Riding the Moab trails
March 27, 2004
Snow is melting and the weather is heating up, a signal to snow-lovers to soak up every minute of winter by getting in last runs down the ski mountain and final cross-country skis through the woods.
But for dirt-lovers, spring means a first chance to get mountain bikes back on cars and speed west to the red deserts of Utah.
Mountain biking in Moab before Steamboat’s trails are free of snow has turned into a spring tradition. If you go, expect to bump into friends from town who also had the itch for something warm and dry.
Spring is one of best times to check out the miles of singletrack and slickrock that Moab offers: days in Moab are hot but don’t come close to the sweltering 110 degrees that is common in the summer.
The trip is best made during a long weekend — an extra day makes the 5 1/2 hour drive from Steamboat a lot easier. For less of a drive, check out Fruita, another mountain-biking mecca. It often is less crowded, has miles of trails, but lacks the dusty feel and odd rock formations of Moab. Fruita also can stay muddy after Moab’s rocky trails have dried.
Pulling into Moab by late afternoon, a good warm-up trail with gorgeous views is Klondike Bluffs, which is 17 miles north of town on Highway 191. Drive up to the trailhead, get out the bikes, and spin up through a few sandy sections, moving onto slickrock hills and easy singletrack. The surrounding views are breathtaking, and a short hike at the end of the out-and-back trail gives a stunning overlook of Arches National Park.
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The ride is straightforward and good for newer bikers or those getting their biking legs back in shape. It’s about 10 miles starting at the trailhead, or 15 starting at the road pull-off.
Surrounded by U.S. Bureau of Land Management lands, the trail also is a good starting point to find a place to pitch a tent under the stars. There is even a slickrock “playground” with great views and lots of room to play across Highway 191, just before mile marker 143.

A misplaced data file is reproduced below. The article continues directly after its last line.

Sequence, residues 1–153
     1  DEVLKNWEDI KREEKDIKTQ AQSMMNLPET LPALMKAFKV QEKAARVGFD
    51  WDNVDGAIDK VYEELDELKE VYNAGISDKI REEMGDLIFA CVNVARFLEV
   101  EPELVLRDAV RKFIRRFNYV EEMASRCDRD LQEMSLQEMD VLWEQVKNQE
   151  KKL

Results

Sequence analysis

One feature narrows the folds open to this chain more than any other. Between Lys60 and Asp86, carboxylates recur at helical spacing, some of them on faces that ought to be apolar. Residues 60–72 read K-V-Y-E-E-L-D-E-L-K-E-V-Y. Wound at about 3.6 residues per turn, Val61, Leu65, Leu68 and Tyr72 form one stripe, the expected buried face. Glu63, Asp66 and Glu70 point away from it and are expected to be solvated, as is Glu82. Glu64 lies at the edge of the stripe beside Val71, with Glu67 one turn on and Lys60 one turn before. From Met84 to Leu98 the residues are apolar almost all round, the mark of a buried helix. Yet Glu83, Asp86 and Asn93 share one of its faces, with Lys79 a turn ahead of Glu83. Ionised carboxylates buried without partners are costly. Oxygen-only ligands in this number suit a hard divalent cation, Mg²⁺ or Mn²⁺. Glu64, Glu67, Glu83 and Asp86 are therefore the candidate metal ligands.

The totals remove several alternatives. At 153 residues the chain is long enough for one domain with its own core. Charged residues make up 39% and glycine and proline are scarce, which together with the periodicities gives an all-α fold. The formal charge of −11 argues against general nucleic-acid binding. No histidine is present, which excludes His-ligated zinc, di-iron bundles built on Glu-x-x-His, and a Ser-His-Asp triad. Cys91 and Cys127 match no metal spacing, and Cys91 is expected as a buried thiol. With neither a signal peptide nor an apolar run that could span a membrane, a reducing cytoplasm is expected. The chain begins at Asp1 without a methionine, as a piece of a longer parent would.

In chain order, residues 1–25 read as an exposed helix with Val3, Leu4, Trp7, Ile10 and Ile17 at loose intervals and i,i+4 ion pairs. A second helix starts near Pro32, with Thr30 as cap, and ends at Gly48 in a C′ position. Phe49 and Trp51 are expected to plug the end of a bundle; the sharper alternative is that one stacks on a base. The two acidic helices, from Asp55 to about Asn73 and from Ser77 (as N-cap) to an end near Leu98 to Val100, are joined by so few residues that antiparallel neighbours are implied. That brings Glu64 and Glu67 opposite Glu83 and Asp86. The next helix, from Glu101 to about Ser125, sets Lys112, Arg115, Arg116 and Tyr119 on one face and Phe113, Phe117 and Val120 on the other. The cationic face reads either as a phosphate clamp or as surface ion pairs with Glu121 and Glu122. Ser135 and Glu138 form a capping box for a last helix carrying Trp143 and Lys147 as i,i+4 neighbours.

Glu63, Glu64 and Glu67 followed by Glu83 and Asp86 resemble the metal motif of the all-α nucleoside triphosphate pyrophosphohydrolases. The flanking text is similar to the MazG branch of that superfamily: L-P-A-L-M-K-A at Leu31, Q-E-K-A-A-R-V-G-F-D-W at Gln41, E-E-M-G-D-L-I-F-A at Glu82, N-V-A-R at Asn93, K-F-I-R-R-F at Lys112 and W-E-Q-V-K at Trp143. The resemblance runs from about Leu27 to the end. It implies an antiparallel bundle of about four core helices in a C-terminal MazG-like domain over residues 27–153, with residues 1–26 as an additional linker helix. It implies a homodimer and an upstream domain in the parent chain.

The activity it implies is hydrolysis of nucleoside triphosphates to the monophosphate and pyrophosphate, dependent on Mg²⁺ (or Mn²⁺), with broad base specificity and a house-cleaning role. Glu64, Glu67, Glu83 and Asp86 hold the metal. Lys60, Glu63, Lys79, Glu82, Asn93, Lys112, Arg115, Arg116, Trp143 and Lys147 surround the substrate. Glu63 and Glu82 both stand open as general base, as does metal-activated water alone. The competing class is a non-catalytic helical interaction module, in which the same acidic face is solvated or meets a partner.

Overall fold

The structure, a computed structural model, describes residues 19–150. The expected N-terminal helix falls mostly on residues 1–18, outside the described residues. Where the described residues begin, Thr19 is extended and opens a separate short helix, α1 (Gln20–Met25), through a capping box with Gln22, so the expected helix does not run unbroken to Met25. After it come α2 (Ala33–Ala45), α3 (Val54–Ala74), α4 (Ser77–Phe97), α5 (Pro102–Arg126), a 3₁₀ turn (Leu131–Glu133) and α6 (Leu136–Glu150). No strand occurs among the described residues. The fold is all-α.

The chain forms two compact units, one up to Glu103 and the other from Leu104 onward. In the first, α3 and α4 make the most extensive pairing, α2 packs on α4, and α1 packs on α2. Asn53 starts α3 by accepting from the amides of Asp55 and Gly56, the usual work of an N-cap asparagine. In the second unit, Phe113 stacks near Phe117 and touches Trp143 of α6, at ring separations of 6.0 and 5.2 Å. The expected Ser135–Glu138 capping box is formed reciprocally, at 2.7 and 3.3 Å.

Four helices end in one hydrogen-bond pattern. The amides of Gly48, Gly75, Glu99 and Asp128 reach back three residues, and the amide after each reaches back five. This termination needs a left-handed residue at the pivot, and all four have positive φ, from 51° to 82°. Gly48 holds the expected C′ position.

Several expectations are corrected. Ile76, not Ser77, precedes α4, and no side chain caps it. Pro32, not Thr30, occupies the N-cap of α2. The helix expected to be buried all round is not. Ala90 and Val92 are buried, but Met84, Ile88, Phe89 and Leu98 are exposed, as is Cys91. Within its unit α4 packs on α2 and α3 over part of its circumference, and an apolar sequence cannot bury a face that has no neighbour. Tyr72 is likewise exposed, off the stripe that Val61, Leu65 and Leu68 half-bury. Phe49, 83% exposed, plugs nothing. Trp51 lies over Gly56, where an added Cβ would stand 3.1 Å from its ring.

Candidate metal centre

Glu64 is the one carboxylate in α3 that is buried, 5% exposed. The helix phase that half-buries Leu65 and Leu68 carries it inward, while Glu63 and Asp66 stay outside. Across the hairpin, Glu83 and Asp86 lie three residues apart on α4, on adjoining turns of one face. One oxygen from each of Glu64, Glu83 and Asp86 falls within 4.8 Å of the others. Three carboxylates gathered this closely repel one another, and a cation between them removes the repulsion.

For a longer trip and a classic Moab ride, check out Amasa Back, a 21-mile out-and-back ride when starting from town. The singletrack is only about 10 total miles and is easy to drive to for those who want to keep their fat tires off the roads.
The singletrack drops off Kane Creek Road, which heads west from town, by way of a rock staircase. Watch for unexpected drops. There’s a creek crossing right away, followed by some uphill, rocky climbing, with the trail moving into two-track with a steep drop-off to one side. Watch for a series of big drops that are typically best to walk through.
After a climb on slickrock, stop and take in the 360-degree views. Then turn around and go back the way you came, or take one of two spurs if you dare: Jacob’s ladder, a rough hike and bike down to Jackson Hole, or a steep, loose singletrack back to the road.
Another classic Moab ride is the infamous Slickrock Trail, which many say is more tough mentally than technically. Beware of busy days: the trail can end up feeling like a trip through Disneyland, with unavoidable waits behind a line of bikers to go up and down the slickrock pitches.
But the trail offers more slickrock and crazy terrain than most others and is something of a rite of passage for all first-time Moab riders. It even has a practice loop for bikers, and on blue-sky days, you just might see a Hummer commercial being filmed on the trail.
For other trail options, such as the fun and famous Poison Spider Mesa and Porcupine Rim trails, or the easier Gemini Bridges ride, stop at a bike store in downtown Moab and fire off questions. Most employees are knowledgeable and can help you find a trail that fits your riding style. Or, pick up a trail book and flip through the miles of terrain the area offers.
On all rides, be sure you have lots of water, have slathered yourself with sunscreen, pay attention to maps and trail markers, keep a close eye on the weather, and have proper tools for repairs. Most of all, don’t push harder than you are ready for. Moab’s trails are tough, and when you fall, you typically hit a hard rock surface.
To give your biking legs a rest, take a side trip to Arches National Park and explore other hiking trails such as the popular Negro Bill Canyon, which starts just north of town on Utah Highway 128. Downtown offers fun stores, with the same small-town style that Steamboat has.
For a tucked-away camping experience, check out the campgrounds off Utah Highway 128, which sit along the Colorado River with steep rock walls rising to both sides. As the sun sets and rises, the shadows and colors on the rock shouldn’t be missed.
After a long day of riding, there’s nothing better than a trip to the Moab Diner, where milkshakes are thick, burgers are hot and the green pork chili can’t be beat.
By the end of the weekend, clean off your bikes and prepare to head back to snow country. Put the mountain bike back in the corner, get the road bike spinning, and wait for the snow to melt.
— To reach Susan Bacon, call 871-4203
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